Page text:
President Biden gave a speech to the country on Thursday night with a theme that, for a change, a majority of Republicans and Democrats can agree with: American leadership, national interest, and our values all mean that we need to support both Israel and the Ukraine.

The most recent polling shows that about 70% or more of the American public supports Israel over Hamas, but young people who have not been through the past wars and struggles of Israel and who are far removed from the Holocaust have higher support for Hamas. They have been indoctrinated by the progressive left and the institutions of higher learning that have miseducated our youth. How exactly can an antisemitic terrorist group that is completely intolerant of women’s rights and the rights of LGBTQ people possibly be supported by a third or more of our youth? It shows the degree to which our institutions have failed us. 

Despite these pockets of support for Hamas, however, the president was speaking for the overwhelming majority of Americans of both parties on Thursday night who believe Hamas is nothing more than a terrorist group bent on destroying Jews and Israel. They believe in the president’s clear and unambiguous stands.


On Ukraine, a majority of Americans continue to support funding for Ukraine against Vladimir Putin according to the recent CBS News and Harvard CAPS/Harris polls. Oddly, a growing segment of Republicans oppose funding while Democrats more enthusiastically support defending Ukraine. But the checkbook is not unlimited and there are limits to America’s support and a belief that a lot of the funds are wasted in corruption. 

Ironically, President Biden appears to have found his footing on these issues even after the disastrous retreat from Afghanistan and his desire to pull back from American involvement overseas. That same president yesterday proclaimed the importance of American leadership in the world, a classically Republican theme outside of the Tucker Carlson crowd.

The president’s address for the first time in recent weeks did point a finger at Iran for being behind the support of terrorism but he stopped short of any bellicose threats even as warships are being moved into the region. Obviously, the administration for the past nearly three years had returned to the Obama policy of trying to negotiate with Iran to bring it into the fold. 

This policy is in tatters as Iran and with its direct threats is showing it is genuinely is more interested in death to Israel and America than any deal and was just playing the administration while it armed the terrorists. The missiles from Yemen Thursday were a direct message from Iran that it is ready to unleash all its proxies against Israel and the US. Clearly the muted language from Biden means there are still those in the administration who believe they can head off Iran through talk.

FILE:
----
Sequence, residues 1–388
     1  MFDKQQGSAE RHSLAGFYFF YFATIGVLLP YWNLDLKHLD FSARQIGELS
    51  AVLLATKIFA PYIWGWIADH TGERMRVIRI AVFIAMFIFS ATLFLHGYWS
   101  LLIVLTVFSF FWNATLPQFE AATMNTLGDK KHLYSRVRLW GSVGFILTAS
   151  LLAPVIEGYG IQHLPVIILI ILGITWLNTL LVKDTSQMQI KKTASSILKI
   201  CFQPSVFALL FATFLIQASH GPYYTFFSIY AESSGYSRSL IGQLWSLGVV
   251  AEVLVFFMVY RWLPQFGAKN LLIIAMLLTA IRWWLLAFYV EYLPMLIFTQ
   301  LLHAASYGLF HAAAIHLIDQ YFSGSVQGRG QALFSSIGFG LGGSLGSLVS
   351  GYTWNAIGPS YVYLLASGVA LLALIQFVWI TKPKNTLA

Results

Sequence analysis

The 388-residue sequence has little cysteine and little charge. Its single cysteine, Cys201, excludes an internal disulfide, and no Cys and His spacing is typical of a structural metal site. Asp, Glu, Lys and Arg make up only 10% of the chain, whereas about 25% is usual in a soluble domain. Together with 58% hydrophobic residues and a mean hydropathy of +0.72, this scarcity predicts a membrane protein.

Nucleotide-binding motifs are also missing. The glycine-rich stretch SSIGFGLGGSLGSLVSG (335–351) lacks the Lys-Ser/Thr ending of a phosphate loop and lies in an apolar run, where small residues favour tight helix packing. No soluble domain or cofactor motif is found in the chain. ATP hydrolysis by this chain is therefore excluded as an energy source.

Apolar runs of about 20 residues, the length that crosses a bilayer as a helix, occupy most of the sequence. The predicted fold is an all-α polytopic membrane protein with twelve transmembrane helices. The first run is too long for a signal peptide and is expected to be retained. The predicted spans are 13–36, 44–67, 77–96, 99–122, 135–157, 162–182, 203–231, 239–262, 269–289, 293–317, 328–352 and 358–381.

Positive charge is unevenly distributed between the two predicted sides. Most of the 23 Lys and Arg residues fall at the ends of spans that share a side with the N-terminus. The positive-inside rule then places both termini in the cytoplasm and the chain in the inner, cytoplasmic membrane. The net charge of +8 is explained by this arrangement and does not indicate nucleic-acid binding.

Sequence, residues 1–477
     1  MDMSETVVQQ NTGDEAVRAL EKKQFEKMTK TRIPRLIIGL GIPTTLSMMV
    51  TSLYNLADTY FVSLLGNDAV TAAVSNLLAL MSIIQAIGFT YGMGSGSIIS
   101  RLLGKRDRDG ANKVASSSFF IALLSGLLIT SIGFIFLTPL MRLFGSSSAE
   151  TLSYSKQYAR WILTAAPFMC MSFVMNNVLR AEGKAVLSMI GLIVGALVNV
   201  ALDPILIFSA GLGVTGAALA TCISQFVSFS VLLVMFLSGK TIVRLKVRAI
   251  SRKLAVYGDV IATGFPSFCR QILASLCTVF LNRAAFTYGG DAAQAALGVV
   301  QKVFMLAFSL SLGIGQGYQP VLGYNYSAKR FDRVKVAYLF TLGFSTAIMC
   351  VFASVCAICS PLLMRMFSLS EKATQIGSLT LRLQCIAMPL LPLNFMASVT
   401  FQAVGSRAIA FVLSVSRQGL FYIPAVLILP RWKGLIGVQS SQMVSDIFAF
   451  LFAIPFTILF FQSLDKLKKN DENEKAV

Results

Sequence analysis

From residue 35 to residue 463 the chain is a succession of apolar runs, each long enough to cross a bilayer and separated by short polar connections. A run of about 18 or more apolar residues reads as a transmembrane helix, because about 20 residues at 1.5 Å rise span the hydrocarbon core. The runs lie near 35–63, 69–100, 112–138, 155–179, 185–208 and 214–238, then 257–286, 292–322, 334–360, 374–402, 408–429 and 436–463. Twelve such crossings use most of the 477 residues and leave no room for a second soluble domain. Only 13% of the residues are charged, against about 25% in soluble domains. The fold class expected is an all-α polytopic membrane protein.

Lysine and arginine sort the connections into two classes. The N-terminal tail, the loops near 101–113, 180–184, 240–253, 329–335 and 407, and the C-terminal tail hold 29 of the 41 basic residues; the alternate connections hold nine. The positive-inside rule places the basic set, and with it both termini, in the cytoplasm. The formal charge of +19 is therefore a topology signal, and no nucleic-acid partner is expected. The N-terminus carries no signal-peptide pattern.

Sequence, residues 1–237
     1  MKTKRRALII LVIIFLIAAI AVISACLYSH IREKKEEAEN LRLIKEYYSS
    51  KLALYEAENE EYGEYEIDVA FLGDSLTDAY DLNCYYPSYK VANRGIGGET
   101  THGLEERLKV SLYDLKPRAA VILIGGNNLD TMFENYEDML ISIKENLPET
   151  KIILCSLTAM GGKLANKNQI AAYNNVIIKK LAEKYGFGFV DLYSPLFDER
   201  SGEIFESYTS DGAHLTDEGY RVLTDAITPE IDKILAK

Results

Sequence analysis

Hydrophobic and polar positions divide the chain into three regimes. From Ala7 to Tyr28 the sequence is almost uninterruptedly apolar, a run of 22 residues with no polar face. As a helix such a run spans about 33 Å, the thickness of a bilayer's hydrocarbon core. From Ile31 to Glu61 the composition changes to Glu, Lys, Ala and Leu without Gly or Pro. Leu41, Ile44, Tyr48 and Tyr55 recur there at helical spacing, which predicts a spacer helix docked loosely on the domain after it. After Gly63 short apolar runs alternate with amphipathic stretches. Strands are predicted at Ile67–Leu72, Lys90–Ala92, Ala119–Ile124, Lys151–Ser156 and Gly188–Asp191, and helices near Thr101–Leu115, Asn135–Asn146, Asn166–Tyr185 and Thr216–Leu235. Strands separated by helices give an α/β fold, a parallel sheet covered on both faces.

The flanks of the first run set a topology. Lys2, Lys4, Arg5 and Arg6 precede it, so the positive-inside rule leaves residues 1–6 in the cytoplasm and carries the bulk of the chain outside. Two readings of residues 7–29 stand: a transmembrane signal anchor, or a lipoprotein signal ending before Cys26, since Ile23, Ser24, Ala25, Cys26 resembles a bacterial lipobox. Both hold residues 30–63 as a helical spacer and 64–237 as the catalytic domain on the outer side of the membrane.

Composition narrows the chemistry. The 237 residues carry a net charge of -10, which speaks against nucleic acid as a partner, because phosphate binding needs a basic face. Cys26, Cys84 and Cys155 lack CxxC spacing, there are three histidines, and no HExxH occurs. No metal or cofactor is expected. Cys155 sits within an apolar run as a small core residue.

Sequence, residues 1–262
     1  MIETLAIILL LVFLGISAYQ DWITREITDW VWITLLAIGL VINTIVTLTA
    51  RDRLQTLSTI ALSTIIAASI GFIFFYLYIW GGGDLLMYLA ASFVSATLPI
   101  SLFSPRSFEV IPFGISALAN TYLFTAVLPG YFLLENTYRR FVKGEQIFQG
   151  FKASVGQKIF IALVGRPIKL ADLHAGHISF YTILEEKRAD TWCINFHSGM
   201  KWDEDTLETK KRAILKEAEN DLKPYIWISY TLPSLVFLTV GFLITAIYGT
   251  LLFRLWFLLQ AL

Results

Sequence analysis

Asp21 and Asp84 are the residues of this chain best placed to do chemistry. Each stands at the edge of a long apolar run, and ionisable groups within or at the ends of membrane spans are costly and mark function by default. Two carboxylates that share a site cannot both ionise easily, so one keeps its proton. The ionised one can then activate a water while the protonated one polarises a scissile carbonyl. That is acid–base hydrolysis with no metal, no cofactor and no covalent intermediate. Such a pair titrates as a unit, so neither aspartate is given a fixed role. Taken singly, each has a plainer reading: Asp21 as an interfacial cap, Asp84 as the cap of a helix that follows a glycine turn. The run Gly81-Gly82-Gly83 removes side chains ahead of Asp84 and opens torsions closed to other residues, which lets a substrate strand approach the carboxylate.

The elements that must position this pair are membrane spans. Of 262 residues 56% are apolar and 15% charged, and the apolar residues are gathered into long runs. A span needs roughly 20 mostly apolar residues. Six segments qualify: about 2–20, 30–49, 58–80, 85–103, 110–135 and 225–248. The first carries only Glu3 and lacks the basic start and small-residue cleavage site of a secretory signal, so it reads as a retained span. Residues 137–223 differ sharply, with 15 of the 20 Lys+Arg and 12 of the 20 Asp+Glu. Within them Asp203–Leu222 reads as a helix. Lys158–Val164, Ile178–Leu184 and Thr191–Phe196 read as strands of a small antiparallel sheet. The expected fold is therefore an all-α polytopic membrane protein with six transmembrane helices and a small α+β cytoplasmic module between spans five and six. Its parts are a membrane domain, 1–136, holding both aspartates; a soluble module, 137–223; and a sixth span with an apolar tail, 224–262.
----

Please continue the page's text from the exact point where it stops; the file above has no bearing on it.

Another odd element of the speech was the brief treatment of American deaths and hostages. It would be generally expected that a US president would demand the unconditional return of those hostages. The president didn’t throw down such a gauntlet presumably because there are either negotiations going on through back channels or because there is a strategy behind not letting Hamas appear to have the upper hand as the Iranian terrorists did in seventies. 


This is America, so you never get 90% of the country supporting anything anymore. But even after Vietnam, Iraq and Afghanistan, the country still believes in American leadership against the axis of evil currently headed by Russia and Iran. But unlike in those past battles, the citizens of Israel and of the Ukraine share a fierce spirit of self-determination and are willing to fight against all odds for their homelands. 

Biden was definitely affected by his experience with Golda Meir when she told Biden in 1973 not to worry about Israel surviving because “We have nowhere else to go.” 

This is just as true today for both the Israelis and the Ukrainians and that may be what distinguishes these conflicts from the ones in which America was trying to remake the cultures and institutions. Those were largely unsuccessful.

In these two cases, citizens of both countries are fighting fiercely to protect and defend themselves from destruction and that is precisely what makes them better bets for us to assert our values, open our checkbook, and strike two blows against evil. 

Of course, there are larger questions in the Middle East about how we get to a two-state solution and a long-term peace in the region, but we were on the verge of a historic alignment extending the Abraham Accords that might have led to that result. All of that is on the table now until Iran and its proxies are again in check.

In a country that has been so divided for so many years, Israel and Ukraine are issues around which majorities of both parties can reasonably coalesce. 

Of course, that will require one more thing: a functioning Congress